|"The finish was indescribable. I would almost have to say it was an umami character; loathe - though I am - to use that word."|
Standard matcha - as anyone in tea nerdism knows - is made up of tencha leaves; shaded, steamed and processed in ways similar to gyokuro. To make matcha - which in Japanese means "powdered tea" - the leaves are then stone pulverized to create a fine powder. High quality matcha looks bright green and smells like sweetened kelp, poorer grades have a faded color and a grassier scent. Powdered sencha (regular green tea) exists on the market as an affordable substitute.
I often wondered, though, why other teas weren't available in a powdered form. Granted, there were instant teas, but nothing matcha-styled. One couldn't find a high quality powdered Darjeeling, for instance. It also made me wonder why white tea wasn't available as a matcha. Well, my question has been answered. By a grower in Kenya, no less.
African tea estates are often overlooked because their products are incorporated into other blends. Rarely are there single estate Africa teas available. When they are, the amount produced is significantly smaller - per estate - than other regions, which leads to a price hike. I had a Malawi-grown white tea once. It was exquisite but very rare, and it had the price tag to prove it. Aside from Lipton or PG Tips teas - with a fraction of Kenyan estate teas in their blends - I hadn't had a regional product. Until this Kenya Rhino Matcha White Tea, that is.
The first thing I made note of with this powdered white was the smell. No matcha I'd ever tried smelled this sweet. Sure, hints of sweetness were there, but this was sweet in the way berries were - naturally oozing with tartness. The powder itself was also different, yellow-ish instead of green, slightly faded and clumped. Oddly enough, the dry presentation reminded me of powdered slippery elm.
Brewing instructions on the Green Tea Lovers site called for boiling water poured over at least 1 teaspoon per cup. This was a far cry different from the matcha prep I'd grown accustomed to. By a pretty fair margin.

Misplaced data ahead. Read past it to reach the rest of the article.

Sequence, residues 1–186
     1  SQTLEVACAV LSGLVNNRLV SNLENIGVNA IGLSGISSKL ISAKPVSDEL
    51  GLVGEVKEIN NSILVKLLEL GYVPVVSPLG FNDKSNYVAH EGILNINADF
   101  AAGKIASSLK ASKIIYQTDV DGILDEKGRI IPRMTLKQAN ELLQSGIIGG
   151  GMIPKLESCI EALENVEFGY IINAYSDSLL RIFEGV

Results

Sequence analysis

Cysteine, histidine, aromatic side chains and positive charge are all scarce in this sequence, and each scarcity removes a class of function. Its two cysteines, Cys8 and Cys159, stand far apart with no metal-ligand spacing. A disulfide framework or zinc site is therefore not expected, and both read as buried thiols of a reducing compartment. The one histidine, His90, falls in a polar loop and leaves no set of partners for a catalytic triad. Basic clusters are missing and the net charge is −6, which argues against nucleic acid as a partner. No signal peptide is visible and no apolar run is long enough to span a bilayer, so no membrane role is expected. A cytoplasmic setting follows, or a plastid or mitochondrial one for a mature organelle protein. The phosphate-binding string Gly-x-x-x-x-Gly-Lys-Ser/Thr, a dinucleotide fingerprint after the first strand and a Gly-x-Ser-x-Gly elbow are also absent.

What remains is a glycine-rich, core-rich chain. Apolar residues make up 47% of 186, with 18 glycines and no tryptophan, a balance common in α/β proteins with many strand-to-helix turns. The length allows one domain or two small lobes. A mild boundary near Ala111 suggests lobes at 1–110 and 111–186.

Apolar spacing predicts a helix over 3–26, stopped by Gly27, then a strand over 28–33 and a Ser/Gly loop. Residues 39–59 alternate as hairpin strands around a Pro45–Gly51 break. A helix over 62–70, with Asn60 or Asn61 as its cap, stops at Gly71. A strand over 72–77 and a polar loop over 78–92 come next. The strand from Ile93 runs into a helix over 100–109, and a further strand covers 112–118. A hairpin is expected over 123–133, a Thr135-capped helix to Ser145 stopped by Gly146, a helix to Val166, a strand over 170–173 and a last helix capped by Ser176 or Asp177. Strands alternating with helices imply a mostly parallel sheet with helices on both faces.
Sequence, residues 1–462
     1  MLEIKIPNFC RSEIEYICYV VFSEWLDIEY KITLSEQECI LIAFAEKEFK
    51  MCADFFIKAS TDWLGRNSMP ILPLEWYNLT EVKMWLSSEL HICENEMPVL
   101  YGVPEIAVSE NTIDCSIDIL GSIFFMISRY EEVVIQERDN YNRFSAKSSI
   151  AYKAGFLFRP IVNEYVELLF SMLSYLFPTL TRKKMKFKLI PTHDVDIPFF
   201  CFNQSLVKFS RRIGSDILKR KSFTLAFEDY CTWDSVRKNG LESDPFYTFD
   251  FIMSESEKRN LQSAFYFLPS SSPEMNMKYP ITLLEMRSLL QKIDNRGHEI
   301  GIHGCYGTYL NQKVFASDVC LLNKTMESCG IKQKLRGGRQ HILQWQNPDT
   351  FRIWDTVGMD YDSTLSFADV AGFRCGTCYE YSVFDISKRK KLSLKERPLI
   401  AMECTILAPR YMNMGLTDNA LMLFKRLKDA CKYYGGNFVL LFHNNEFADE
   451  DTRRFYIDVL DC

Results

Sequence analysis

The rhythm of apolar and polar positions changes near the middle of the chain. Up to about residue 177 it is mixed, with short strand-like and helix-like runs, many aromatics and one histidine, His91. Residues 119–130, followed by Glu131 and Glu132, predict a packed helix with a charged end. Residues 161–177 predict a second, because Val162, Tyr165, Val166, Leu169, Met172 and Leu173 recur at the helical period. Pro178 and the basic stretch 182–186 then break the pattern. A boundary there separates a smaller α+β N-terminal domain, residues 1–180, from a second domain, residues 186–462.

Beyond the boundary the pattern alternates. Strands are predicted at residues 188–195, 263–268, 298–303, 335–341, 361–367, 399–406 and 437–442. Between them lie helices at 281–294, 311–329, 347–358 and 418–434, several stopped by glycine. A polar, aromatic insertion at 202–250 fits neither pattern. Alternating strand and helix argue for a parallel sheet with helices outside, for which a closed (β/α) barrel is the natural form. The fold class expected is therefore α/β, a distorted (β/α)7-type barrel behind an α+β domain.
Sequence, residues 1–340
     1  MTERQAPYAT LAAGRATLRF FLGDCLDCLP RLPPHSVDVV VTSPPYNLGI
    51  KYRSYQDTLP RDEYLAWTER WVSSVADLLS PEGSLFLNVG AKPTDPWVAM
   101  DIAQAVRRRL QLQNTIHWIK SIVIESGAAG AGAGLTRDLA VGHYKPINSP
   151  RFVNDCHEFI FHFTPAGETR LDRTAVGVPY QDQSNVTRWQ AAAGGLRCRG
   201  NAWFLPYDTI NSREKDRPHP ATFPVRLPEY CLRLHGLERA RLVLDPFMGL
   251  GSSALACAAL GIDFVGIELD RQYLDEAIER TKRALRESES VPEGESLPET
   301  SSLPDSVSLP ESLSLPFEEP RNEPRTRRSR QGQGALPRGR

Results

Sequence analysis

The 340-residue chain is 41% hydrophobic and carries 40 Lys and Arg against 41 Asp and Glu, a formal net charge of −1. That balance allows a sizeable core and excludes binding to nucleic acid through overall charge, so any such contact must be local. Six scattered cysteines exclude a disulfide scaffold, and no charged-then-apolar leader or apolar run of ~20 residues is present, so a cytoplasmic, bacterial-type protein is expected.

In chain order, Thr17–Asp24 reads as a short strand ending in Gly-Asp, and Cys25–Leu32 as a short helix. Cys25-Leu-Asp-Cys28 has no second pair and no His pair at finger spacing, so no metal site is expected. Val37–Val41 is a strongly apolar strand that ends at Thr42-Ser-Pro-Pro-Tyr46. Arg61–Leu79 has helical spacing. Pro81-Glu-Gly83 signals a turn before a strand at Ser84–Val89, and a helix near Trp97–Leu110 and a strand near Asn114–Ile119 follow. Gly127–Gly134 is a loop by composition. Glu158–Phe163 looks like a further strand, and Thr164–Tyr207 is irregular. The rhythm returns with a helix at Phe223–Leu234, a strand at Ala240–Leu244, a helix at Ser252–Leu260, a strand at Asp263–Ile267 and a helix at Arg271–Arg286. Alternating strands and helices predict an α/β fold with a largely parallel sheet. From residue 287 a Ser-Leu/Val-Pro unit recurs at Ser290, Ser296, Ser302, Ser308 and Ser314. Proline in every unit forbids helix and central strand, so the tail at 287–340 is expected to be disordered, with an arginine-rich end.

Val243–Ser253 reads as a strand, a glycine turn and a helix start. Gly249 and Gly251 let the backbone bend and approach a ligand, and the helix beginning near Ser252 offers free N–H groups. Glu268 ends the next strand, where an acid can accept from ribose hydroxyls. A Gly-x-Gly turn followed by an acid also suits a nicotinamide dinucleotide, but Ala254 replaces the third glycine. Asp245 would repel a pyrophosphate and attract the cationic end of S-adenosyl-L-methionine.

If one has the necessary equipment, prepping matcha is relatively quick. All one needs is a small bowl of some sort, hot water (below a boil, no more than 165F), and a bamboo whisk (chasen). Sure, some would say that a full Chanoyu kit is required. I disagree. It might help for authenticity's sake. Since this was an African product, I wasn't worried about that. I used a miso soup bowl, water from an electric kettle, about a teaspoon of powder, and whisked the hell out of it.
The brown-gold powder frothed up to a murky beige liquor with a fair amount of the requisite matcha bubbles. The aroma was nuttier than the dry form, almost like kukicha with almonds. The taste was even nuttier than the smell, resembling chestnuts but smokier. Some of that flavor betrayed its white tea roots with a creamy texture like buttered pecans but not as sweet. If I were to compare it to any tea category, though, I would say its astringent character was more like an oolong. Clumps that hadn't sifted well at the end were a bit jarring on texture/taste.
On a second attempt, I decided to try it the Green Tea Lovers way. I went with boiled water and another teaspoon worth of powder. Prior to pouring the water in, however, I de-clumpified the powder with a small amount of cold water and a pre-whisk. After that, I poured the hot water in and whisked that as well. The froth formed rather quickly this time, almost rivaling some of the best Uji matchas I've tried. The aroma was more soup-like, akin to Vietnamese pho.
The flavor was greatly improved with the hotter water. The nuttiness was still there but mildly subdued by a woodier aspect. The finish was indescribable. I would almost have to say it was an umami character; loathe - though I am - to use that word. I'm glad I did a second whisk-up, for this is truly an African treasure. Experimental, though it may be.
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